Deciding which Succession Planning Model will work for you

Posted on September 17, 2018 at 09:29 AM

succession planning approachIn our work with customers we are in a privileged position.

We get to see different models of, and approaches to, succession planning, from the essentials right through to the more sophisticated.

What will work for your organisation?

Succession Planning: a fluid or a more stable approach?

The challenge facing HR within all talent management activities is how to combine the nimbleness of an agile and fluid approach, with the rigour and robustness of defined processes.

One client with a more informal process in place, told us that,

“Succession planning has to be flexible. After all, even with a formal plan in place, strategies change and often organisational structures change with it. The important thing is to ensure a continuous pool of talent available to fill roles. In our environment there would be a number of people primed to take up positions within an area but there is no reliance on one individual to mentor and grow a specific successor for their post. No-one is indispensable. We create pools of talent and use them when an appropriate opportunity emerges.” 

But, in situations where roles are more clearly defined, more stable and less prone to radical change, a more formalised process can be adopted, with key talent being tracked through the organisation, career paths clearly defined and individuals earmarked for specific roles.

But there are downsides to adopting a more defined succession planning model:

  • It is more difficult to adapt the process as the business and roles shift and change.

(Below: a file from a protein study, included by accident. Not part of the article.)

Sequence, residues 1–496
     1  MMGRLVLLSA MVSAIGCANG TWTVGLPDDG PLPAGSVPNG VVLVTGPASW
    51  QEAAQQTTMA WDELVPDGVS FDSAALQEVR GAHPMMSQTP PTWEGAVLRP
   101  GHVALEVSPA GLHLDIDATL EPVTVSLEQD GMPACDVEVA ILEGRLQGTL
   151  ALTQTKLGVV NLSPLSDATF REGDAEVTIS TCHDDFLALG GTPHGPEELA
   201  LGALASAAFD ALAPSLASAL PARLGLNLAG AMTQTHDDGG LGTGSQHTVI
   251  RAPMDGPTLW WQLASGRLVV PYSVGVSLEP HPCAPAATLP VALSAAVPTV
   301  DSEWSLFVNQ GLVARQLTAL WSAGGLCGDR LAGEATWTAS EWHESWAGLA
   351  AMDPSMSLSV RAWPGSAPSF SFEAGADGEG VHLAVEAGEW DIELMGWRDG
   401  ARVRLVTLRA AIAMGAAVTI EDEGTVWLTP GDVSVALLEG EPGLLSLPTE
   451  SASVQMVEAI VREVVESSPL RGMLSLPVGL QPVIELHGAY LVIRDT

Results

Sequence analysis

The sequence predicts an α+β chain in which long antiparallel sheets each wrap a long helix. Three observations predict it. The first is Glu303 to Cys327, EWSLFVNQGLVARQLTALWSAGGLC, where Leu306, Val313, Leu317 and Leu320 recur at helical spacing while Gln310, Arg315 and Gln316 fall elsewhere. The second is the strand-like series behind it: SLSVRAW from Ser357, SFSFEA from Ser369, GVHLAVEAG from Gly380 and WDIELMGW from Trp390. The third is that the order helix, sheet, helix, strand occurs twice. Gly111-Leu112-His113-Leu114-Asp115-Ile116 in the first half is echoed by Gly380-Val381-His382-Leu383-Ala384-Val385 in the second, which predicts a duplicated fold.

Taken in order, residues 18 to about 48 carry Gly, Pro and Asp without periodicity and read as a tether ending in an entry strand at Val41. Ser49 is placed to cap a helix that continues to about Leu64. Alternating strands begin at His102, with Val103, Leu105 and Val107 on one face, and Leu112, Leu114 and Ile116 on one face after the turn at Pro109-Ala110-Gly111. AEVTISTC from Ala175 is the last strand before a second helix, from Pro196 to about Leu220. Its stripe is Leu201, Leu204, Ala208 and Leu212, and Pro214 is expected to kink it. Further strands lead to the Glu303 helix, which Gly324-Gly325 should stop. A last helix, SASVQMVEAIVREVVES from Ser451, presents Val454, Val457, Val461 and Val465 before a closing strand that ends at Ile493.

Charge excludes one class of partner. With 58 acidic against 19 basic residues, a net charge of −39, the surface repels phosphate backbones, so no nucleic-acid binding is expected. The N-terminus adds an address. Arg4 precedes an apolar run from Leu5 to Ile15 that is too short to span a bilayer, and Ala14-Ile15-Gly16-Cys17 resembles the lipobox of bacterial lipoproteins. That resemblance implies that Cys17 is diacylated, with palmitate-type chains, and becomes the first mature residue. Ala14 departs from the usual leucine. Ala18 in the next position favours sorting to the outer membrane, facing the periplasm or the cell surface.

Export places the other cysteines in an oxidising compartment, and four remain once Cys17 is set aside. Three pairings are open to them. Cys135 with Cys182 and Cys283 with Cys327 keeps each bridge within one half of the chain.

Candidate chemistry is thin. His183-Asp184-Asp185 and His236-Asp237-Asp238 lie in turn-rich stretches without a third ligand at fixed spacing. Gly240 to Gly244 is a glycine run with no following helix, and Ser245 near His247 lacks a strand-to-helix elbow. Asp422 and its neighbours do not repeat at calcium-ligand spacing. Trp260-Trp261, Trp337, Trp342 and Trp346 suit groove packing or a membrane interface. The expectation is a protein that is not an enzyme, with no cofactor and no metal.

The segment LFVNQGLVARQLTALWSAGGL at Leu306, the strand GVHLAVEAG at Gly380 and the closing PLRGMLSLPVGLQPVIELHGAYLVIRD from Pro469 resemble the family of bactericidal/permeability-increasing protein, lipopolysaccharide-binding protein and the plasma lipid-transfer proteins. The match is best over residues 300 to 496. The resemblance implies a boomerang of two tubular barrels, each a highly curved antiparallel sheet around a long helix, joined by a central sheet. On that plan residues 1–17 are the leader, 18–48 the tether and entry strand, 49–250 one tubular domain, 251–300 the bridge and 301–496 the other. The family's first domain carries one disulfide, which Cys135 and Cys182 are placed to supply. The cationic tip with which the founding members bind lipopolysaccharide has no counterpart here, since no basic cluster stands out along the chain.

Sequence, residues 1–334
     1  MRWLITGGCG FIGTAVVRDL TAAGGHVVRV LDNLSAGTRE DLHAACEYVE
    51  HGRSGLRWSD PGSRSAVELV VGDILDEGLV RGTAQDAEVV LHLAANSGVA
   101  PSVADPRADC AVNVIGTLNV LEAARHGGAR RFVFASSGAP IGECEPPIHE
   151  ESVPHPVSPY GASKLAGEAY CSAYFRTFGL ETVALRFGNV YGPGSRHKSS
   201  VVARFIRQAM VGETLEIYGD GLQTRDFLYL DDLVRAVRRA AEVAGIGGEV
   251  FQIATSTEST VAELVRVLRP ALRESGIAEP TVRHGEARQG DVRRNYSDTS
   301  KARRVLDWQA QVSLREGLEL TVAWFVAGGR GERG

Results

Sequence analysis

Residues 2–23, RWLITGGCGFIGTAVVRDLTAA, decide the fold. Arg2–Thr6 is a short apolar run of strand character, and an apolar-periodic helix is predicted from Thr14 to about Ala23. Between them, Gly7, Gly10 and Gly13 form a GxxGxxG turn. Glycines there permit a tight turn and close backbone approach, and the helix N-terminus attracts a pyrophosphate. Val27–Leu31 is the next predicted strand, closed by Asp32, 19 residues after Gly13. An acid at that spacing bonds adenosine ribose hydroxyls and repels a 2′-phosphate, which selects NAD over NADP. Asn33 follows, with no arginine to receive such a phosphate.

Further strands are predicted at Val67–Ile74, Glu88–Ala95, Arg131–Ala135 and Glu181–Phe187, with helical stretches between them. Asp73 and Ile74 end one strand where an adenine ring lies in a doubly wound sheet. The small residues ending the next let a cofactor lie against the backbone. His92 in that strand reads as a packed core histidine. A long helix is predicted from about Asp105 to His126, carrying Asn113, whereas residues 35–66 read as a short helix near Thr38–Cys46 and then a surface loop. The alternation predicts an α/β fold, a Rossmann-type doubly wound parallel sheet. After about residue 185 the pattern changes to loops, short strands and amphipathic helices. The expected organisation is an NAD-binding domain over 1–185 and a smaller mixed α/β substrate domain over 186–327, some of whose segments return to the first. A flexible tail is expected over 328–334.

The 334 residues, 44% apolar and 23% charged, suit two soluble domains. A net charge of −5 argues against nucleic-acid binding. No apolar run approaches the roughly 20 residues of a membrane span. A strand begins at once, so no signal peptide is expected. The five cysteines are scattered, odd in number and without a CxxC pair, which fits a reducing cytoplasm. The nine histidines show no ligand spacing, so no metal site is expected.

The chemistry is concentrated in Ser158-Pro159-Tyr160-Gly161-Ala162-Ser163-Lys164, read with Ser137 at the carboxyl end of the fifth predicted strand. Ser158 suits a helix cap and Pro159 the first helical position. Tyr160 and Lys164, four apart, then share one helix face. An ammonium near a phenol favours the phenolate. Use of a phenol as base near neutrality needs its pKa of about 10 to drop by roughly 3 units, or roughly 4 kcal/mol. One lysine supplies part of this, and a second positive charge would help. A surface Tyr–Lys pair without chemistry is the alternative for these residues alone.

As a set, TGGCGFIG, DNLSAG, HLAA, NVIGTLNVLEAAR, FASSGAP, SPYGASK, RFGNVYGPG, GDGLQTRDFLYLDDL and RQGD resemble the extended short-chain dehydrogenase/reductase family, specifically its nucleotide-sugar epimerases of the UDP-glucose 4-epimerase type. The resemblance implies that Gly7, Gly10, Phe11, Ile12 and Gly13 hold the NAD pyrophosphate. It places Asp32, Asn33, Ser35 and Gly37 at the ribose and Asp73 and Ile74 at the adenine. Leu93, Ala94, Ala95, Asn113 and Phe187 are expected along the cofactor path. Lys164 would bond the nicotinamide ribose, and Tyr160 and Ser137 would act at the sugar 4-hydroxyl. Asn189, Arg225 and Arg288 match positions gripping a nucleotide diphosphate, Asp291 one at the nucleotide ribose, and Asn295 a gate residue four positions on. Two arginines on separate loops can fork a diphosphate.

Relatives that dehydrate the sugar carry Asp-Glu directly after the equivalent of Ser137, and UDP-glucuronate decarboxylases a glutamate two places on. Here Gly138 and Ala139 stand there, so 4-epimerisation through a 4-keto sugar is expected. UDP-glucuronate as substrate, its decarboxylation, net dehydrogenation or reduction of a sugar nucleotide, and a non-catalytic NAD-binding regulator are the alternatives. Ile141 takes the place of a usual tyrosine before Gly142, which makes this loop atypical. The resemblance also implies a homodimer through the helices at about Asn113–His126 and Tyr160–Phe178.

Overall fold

• Disengagement can arise amongst those who are not part of a talent pool, or who are not part of any succession planning process.
  • Losing talent flagged as high potential to a competitor which has a target position in a shorter time frame.
  • Creating high expectations among those in the talent pool which may not be matched with actual opportunities.
  • Not engaging employees in their own career by failing to include their views and aspirations.

The solution seems to be to adopt a more flexible system for capturing data and to track the flow of talent. It offers:

  • The ability to constantly review and monitor the efficacy of the process with key stakeholders.
  • Alternative programmes and opportunities for development and promotion amongst the rest of the employee population.
  • The ability to manage expectations, communicate carefully and ensure an inclusive approach to talent management.

Regardless of the succession planning approach or model you choose to adopt, the most fundamental action is to get in place the succession planning template that you will use.

Those we see range from the most essential or basic information in which geographic mobility, functional mobility, flight risk and an assessment of potential and performance are included, right through to the more evolved templates which include regular career conversations between manager and individual and as assessment of a ‘talent category’ (often associated with a 9 box grid).

We also see that many succession approaches still produce large quantities pf paper documentation, or spreadsheets being emailed around or having to manually plot people onto a 9 box grid. Some organisations still believe an annual succession planning conversation is good practice.

But there is a shift taking place; the world, and people’s circumstances and aspirations, change much more rapidly than once a year!  

Perhaps now is the time to look at the cloud-based succession software that is available to support you?

You may like to read more about how to introduce succession planning. If you want to read further, request our eBook – The Ultimate Guide to Succession Planning.  

When you're ready to talk about how we could support your succession plan strategy and the approach you choose to adopt, or just to see some succession planning examples, do get it touch.

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